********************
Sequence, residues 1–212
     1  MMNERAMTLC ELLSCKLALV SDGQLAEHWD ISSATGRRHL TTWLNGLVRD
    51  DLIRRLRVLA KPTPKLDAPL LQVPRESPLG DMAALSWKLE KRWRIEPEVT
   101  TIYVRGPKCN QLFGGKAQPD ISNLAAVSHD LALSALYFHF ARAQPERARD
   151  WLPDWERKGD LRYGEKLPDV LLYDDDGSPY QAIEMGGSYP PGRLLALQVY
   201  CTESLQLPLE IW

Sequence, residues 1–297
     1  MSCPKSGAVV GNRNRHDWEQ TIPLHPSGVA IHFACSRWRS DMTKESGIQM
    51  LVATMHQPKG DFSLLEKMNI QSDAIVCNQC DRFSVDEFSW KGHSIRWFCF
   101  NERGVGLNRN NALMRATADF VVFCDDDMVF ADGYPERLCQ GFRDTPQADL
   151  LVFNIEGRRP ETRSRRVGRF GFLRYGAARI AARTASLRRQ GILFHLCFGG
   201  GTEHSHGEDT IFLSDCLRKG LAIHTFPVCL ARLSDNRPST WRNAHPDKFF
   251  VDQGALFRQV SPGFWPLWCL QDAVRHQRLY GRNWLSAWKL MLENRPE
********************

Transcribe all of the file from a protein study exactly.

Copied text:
Sequence, residues 1–212
     1  MMNERAMTLC ELLSCKLALV SDGQLAEHWD ISSATGRRHL TTWLNGLVRD
    51  DLIRRLRVLA KPTPKLDAPL LQVPRESPLG DMAALSWKLE KRWRIEPEVT
   101  TIYVRGPKCN QLFGGKAQPD ISNLAAVSHD LALSALYFHF ARAQPERARD
   151  WLPDWERKGD LRYGEKLPDV LLYDDDGSPY QAIEMGGSYP PGRLLALQVY
   201  CTESLQLPLE IW

Sequence, residues 1–297
     1  MSCPKSGAVV GNRNRHDWEQ TIPLHPSGVA IHFACSRWRS DMTKESGIQM
    51  LVATMHQPKG DFSLLEKMNI QSDAIVCNQC DRFSVDEFSW KGHSIRWFCF
   101  NERGVGLNRN NALMRATADF VVFCDDDMVF ADGYPERLCQ GFRDTPQADL
   151  LVFNIEGRRP ETRSRRVGRF GFLRYGAARI AARTASLRRQ GILFHLCFGG
   201  GTEHSHGEDT IFLSDCLRKG LAIHTFPVCL ARLSDNRPST WRNAHPDKFF
   251  VDQGALFRQV SPGFWPLWCL QDAVRHQRLY GRNWLSAWKL MLENRPE